AHIP Files Amicus Brief Targeting Anticompetitive “Product Hopping” Practices By Drug Companies

posted by Clare Krusing

on February 25, 2015

For Immediate Release

Washington, D.C. – Consumers will bear the unfair burden of higher drug prices if pharmaceutical companies are allowed to artificially prolong drug patents in order to avoid competition from generics, according to America’s Health Insurance Plans (AHIP), which filed an amicus brief in support of New York Attorney General Eric Schneiderman’s case before the U.S. Court of Appeals for the Second Circuit.

The antitrust lawsuit argues that drug manufacturer Actavis intentionally altered its Alzheimer’s drug (Namenda IR) just enough to replace the old version before its patent expiration. Such a move would block any new competition, specifically generic equivalents, from the market. As AHIP noted in its brief, such coercive conduct eliminates consumer choice, restrains competition, and raises the cost of pharmaceuticals for consumers.  According to the brief:

“As the facts of this case show, it is often relatively simple for a brand name drug manufacturer to redesign a groundbreaking drug in a way that allows a new version to be patentable even though it does not fundamentally change the drug’s therapeutic effect. Those minor changes present an opportunity for the brand-name manufacturer to extend its monopoly potentially decades into the future.”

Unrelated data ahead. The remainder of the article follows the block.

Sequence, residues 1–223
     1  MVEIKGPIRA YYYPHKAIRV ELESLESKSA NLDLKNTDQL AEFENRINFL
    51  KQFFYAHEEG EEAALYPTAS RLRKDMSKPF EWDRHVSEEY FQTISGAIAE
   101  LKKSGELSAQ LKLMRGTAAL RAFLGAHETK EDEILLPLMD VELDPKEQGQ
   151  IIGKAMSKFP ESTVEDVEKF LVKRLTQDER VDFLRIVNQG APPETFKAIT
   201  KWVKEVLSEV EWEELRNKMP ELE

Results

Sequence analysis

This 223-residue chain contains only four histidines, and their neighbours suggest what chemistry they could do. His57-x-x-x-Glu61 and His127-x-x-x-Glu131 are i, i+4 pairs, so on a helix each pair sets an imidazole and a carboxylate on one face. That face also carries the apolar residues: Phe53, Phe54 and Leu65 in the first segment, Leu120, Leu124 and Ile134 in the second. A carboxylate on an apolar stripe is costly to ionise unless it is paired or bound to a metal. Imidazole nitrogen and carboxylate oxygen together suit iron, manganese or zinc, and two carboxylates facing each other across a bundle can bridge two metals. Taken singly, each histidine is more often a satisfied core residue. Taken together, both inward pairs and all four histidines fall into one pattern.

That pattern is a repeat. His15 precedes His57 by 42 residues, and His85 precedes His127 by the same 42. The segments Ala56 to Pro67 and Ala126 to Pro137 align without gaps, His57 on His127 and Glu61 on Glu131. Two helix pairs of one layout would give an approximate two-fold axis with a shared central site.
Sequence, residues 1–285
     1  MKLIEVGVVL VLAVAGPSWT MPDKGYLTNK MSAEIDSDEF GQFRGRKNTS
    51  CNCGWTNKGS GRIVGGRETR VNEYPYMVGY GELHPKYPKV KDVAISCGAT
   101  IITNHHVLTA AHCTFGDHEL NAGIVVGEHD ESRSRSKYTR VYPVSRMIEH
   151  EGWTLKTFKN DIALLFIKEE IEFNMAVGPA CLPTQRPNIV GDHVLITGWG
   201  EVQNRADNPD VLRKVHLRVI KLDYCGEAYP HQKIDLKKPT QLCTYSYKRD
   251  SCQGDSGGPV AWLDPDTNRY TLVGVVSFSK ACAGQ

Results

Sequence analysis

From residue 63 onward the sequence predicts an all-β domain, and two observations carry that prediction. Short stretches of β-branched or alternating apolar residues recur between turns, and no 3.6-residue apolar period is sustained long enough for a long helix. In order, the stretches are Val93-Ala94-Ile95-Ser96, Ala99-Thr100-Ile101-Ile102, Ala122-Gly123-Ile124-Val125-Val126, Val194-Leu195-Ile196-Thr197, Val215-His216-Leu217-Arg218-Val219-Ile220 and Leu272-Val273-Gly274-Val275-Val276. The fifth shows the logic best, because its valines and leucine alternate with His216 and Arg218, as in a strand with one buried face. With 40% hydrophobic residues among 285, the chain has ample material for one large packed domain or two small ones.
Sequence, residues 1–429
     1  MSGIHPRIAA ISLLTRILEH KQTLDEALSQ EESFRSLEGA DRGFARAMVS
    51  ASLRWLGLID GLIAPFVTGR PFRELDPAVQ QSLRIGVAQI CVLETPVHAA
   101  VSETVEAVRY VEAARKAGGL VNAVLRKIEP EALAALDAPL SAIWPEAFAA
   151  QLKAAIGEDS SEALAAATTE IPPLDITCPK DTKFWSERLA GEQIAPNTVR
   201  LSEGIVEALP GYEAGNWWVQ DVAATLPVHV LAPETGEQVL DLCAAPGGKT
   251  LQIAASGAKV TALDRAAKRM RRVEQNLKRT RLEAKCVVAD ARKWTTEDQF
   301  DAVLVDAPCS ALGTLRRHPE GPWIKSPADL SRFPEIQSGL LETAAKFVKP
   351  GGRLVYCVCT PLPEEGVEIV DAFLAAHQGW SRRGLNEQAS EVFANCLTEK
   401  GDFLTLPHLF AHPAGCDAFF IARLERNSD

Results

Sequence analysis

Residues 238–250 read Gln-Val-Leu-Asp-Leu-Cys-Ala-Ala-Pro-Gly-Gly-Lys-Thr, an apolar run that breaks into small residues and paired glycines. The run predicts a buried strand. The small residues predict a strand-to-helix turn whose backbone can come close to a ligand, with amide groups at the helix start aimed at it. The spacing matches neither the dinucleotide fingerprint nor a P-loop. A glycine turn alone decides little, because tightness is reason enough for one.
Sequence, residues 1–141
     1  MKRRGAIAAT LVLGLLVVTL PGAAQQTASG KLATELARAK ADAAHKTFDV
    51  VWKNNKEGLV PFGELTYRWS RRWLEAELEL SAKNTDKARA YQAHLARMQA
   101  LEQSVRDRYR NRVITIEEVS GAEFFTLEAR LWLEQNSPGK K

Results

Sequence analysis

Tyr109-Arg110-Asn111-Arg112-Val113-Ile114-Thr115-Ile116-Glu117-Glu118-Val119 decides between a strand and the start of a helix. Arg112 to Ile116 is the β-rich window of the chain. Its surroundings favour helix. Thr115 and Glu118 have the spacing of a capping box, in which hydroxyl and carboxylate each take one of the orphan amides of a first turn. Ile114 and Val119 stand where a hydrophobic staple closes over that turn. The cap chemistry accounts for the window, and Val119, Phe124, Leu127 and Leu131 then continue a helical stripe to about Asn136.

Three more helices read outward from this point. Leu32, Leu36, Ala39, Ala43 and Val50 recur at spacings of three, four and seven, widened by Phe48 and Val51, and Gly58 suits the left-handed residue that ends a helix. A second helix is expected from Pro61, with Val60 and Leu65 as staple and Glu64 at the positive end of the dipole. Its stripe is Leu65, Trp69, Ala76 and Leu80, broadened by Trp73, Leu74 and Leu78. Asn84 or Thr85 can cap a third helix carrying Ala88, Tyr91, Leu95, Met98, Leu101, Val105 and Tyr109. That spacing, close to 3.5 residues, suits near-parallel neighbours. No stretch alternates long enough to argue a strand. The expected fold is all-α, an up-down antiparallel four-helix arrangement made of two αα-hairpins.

“This case is an example of what happens when drugmakers engage in anticompetitive behavior under the guise of innovation,” said AHIP Vice President Ben Jenkins. “Forcing a product switch to protect a monopoly punishes consumers in the worst possible way by delaying the entry of more affordable prescription drugs into the market.”

Jenkins stated that rising drug prices are driving up costs across the board. A recent study found that in 2014 prescription drug prices increased by 6.4 percent year-over-year, the highest segment increase across the healthcare industry.

“Putting an end to anticompetitive practices will broaden access to more affordable generics and improve value for consumers overall,” Jenkins said.


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